Surgical menopause is a term that's commonly used throughout the medical sphere, but not many women understand exactly what it means and entails. Continue reading to learn all about surgical menopause, from what it is and how it's performed to its risks, treatment options, and more.
What is Surgical Menopause?
Surgical menopause is defined as menopause that develops abruptly after surgical removal of the ovaries. For this reason, it is also referred to as surgically induced menopause.
This procedure is called an oophorectomy. When the surgery removed one ovary, it is known as a unilateral oophorectomy, while the removal of both ovaries is called bilateral oophorectomy.
Furthermore, surgical menopause is often combined with a hysterectomy, which is the removal of the uterus, but not always.
It is important to note that women who undergo a hysterectomy will not enter surgical menopause right away as they still have ovaries, which means they are still producing estrogen.
Why It's Performed
Surgical menopause may be performed on women for a variety of reasons, such as:
- Ovarian cancer
- Ovarian torsion (twisting)
- An abscess in a fallopian tube or ovary
- Benign ovarian tumors or cysts
- Reduce ovarian or breast cancer risk
For women with an increased risk of ovarian cancer, the nearby fallopian tubes will often commonly be removed seeing as they share a common blood supply with the ovaries.
How the Procedure is Done
An oophorectomy will be performed in one of two ways:
Laparotomy. This is an invasive approach, in which a surgeon will make a long incision in the lower abdomen in order to access the ovaries. Each ovary will then be removed by separating it from the blood supply and tissue that surround it.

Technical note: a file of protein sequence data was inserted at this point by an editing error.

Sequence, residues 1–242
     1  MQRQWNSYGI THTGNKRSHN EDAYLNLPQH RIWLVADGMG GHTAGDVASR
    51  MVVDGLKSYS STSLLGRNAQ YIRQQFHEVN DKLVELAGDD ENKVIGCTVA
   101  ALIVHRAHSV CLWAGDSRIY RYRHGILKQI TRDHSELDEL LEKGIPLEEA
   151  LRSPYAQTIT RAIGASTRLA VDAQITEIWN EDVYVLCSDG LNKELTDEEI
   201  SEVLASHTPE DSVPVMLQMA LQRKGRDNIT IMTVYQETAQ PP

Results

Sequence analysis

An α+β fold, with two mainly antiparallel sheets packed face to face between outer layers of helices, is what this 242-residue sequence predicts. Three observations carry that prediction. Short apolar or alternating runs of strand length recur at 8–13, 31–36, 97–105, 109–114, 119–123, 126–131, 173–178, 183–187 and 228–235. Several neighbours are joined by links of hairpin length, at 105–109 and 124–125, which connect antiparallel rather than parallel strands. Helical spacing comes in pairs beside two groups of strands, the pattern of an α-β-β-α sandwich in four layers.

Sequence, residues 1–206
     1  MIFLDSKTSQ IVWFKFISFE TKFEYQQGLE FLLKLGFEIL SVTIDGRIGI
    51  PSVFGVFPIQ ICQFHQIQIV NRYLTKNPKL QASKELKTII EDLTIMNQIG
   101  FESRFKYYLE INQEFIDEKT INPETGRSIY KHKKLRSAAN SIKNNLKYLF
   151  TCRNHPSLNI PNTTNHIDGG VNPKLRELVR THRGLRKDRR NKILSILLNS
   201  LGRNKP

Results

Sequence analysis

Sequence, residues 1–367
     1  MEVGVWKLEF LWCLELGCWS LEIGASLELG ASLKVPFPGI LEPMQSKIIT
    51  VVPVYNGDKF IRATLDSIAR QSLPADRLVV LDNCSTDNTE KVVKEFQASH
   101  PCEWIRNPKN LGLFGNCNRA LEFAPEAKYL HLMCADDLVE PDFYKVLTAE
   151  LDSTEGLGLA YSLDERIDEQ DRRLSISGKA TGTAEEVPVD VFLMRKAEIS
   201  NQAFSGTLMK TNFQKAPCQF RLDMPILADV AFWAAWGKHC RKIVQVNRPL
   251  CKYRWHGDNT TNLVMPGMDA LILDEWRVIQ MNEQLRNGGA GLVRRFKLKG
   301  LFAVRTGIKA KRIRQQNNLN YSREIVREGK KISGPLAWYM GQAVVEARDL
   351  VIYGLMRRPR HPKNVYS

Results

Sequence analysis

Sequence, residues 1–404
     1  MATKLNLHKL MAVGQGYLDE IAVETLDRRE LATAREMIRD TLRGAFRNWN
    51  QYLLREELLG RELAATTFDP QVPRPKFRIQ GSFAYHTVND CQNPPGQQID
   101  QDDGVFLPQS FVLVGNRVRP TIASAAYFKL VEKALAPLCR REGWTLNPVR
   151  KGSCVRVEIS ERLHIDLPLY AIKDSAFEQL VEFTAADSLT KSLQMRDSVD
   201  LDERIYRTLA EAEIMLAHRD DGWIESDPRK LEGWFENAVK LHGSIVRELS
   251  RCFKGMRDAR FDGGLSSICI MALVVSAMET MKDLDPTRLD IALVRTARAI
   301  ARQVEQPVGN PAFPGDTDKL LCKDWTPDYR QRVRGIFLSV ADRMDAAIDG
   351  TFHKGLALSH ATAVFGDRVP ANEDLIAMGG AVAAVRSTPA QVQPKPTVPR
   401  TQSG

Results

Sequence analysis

Laparoscopy. This option is minimally invasive. Three or four small incisions will be made in the abdomen, in which special surgical tools and a video-transmitting camera will be inserted to guide them. Each removed ovary is placed in a pouch that is then removed from the abdomen through one incision.
The procedure that is performed will depend upon each individual case. While less invasive measures permit for quicker recovery and less pain, they are not suitable for all women.
Risks of Surgical Menopause
Although relatively safe to undergo, there are certain risks involved with surgically induced menopause, including, but not limited to:
- Damage to nearby organs
- Rupture of a tumor that can spread potentially cancerous cells
- And more
Surgical Menopause Symptoms
Women who undergo surgically induced menopause will immediately begin to experience hormonal imbalance symptoms such as hot flashes, vaginal dryness, anxiety, memory problems, low libido, and more.
Also, there may be health complications further down the road due to the early estrogen deficiency from ovary removal, such as an increased risk of heart disease as well as osteoporosis and bone fracture.
Surgical Menopause Treatment
Many women consider taking hormone replacement therapy (HRT) at least until the age of normal menopause to reduce the risk of aforementioned future health complications.
However, because HRT has its own risks, many women look for natural alternatives to combat the surgical menopause symptoms they are experiencing.
There are two alternative medicine options renowned for their ability to help balance hormones: phytoestrogenic herbal supplements and hormone-regulating supplements.
Phytoestrogenic herbal supplements contain strong phytoestrogens, which are plant-based estrogens that fill receptors in the body to compensate for a deficiency. They are recommended for short-term use as introduction of external hormones into the body could make it less capable of producing its own.
On the other hand, hormone-regulating supplements encourage the endocrine and pituitary glands to produce their own hormones. By encouraging natural hormone production, they are safer for long-term use in women looking to relieve surgical menopause symptoms and resolve the hormonal imbalance.
Learn more about natural and effective menopause symptom treatments for a quicker recovery toward a symptom-free life.
- Australasian Menopause Society. (n.d.). Surgical Menopause. Retrieved April 3, 2019, from https://www.menopause.org.au/hp/information-sheets/756-surgical-menopause
- Mayo Clinic. (2017). Oophorectomy (ovary removal surgery). Retrieved April 3, 2019, from https://www.mayoclinic.org/tests-procedures/oophorectomy/about/pac-20385030
- The North American Menopause Society. (n.d.). Instant Help for Induced Menopause. Retrieved April 3, 2019, from https://www.menopause.org/for-women/menopauseflashes/menopause-symptoms-and-treatments/instant-help-for-induced-menopause